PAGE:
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Brazilian Acaraje

Acaraje Recipe

Acaraje is a recipe typical of the Bahia state, especially popular in San Salvador de Bahia, city best known simply as Bahia.
Acarajé can be prepared in two different ways, one simpler and another in a more delicate taste where shrimps are added.

Salvador de Bahia, Brazil

Picture of Salvador de Bahia, Brazil


Basic recipe:

Leave in water soaking overnight two pounds of white beans. Add to this water some laurel leaves, a couple of garlic cloves and salt.
Then strongly rub the beans with a kitchen towel, so that the beans’ skins will come off. Save a couple of cups of that water.
One big onion
3 cloves of garlic
½ spoon of cayenne (if you wish)
Salt, pepper to your taste
2 teaspoons of baking powder
2 soupspoons of Dende oil
Put in a blender or processor machine, the beans without the skin, the onion, garlic, salt, pepper, baking powder and one cup of the water you previously saved. Blend it until white dough is formed.
In a frying pan put abundant oil to heat and to it you add the two spoonfuls of Dende oil. When the oil is very hot, you start putting into it spoonfuls of the prepared dough. The rolls must be golden in the outside, turning them around in the hot oil, only once in the pan.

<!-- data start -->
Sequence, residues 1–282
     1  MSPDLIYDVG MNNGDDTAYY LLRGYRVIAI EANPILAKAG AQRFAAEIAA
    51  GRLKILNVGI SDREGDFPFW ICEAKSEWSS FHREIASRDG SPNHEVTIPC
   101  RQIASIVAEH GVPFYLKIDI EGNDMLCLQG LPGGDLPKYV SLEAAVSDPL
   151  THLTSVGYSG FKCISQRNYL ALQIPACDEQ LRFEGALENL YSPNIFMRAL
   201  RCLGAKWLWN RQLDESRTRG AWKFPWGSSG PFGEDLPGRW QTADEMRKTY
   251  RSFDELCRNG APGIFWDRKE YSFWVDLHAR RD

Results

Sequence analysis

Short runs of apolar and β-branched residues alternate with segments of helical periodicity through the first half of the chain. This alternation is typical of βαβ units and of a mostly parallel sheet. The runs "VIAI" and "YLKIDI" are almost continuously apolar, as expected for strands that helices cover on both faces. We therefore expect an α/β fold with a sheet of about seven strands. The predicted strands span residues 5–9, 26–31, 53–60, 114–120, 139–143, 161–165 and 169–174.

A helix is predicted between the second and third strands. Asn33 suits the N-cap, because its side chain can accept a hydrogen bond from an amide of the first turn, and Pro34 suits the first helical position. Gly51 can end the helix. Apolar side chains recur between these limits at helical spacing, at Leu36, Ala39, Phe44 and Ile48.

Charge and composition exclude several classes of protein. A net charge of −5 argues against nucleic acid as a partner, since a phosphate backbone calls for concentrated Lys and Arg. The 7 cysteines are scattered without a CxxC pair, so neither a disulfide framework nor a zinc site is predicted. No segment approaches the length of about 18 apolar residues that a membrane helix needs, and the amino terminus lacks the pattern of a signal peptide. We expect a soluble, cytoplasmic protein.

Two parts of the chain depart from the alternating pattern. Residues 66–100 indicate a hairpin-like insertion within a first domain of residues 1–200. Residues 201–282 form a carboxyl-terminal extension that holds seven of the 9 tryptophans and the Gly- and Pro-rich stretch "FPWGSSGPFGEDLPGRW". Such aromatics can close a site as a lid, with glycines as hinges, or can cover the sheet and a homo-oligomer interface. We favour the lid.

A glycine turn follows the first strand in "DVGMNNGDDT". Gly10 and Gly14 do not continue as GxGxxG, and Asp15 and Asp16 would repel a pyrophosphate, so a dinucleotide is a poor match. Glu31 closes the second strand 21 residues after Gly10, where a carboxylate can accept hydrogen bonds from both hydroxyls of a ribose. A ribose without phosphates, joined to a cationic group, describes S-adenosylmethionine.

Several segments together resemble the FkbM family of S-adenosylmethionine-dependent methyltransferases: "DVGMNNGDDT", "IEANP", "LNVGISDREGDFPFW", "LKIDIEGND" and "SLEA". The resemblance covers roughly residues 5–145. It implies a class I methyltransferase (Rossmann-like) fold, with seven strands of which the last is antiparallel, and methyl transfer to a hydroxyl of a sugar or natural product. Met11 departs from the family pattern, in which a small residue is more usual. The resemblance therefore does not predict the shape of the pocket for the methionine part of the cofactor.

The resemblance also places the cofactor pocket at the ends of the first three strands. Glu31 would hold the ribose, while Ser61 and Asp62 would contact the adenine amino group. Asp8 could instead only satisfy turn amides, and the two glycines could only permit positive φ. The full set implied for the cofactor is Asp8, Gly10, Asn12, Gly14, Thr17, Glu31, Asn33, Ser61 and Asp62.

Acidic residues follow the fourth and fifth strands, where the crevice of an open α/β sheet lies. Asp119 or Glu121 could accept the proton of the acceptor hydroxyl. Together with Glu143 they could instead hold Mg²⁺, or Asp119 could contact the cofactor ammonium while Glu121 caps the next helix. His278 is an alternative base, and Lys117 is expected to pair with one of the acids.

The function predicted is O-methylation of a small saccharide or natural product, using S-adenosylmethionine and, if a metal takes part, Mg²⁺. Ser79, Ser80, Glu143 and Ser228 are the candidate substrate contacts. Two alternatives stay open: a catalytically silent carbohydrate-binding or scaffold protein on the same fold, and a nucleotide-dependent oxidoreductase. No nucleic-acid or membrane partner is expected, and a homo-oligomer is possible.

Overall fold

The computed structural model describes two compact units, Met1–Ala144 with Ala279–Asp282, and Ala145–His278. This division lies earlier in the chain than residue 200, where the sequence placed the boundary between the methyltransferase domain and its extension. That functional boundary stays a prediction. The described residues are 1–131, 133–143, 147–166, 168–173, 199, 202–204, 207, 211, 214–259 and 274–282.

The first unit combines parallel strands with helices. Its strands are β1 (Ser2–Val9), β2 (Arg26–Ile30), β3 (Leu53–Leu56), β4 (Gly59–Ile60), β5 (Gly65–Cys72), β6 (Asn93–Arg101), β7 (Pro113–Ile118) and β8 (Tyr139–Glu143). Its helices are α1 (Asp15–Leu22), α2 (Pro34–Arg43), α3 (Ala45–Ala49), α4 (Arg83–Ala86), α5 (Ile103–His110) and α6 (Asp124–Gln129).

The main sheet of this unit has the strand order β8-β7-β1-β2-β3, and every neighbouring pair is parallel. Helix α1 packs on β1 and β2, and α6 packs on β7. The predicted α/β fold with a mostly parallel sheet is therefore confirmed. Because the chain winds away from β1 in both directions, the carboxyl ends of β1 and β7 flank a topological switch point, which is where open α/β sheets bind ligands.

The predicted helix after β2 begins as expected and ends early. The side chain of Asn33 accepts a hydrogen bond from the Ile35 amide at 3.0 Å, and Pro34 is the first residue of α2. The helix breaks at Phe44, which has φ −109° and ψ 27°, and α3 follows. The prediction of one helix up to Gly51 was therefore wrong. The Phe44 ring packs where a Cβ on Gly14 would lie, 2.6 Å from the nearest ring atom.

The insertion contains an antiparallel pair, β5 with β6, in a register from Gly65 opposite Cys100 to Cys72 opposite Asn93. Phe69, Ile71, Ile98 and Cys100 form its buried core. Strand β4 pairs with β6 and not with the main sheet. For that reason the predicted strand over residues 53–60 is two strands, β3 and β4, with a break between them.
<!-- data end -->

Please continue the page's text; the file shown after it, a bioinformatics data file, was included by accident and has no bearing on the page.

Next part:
When ready, put them on paper towels to drain the extra oil before serving them.

Another recipe:

Proceed just as in the previous recipe but to the dough you add half a cup of dried shrimps. The rest of the recipe is just like the first one.
Acarajé’s secret is to continue beating all along while you are cooking the ones in the oil. This dough makes a sort of liquid in the bowl until it is being cooked and this also makes it more difficult for its correct frying. This is avoided by beating it continuosly.
You can serve them with shrimp sauce or filled in with cooked shrimps.

Sauce: Put into the processor: grinded pepper (white and black), one onion, one clove of garlic, one cup of dried shrimps, then you take it to a boil with a teaspoon of Dendé oil, one cup of the water you had saved and leave it boiling for 4 minutes. With this sauce you cover the acarajés.
You can also cut them in half and put the sauce in the middle or fill them with fresh cooked shrimps.

Note: Dende oil is extracted from a palm tree, eleaesis guineenses, and has a very strong taste, to which you must be used to. But it is very tasty.
Eating acarajés, while you are walking by the Pelohurinho at night, is an unforgettable experience, the very taste of Brazil! - South American Foods and Desserts



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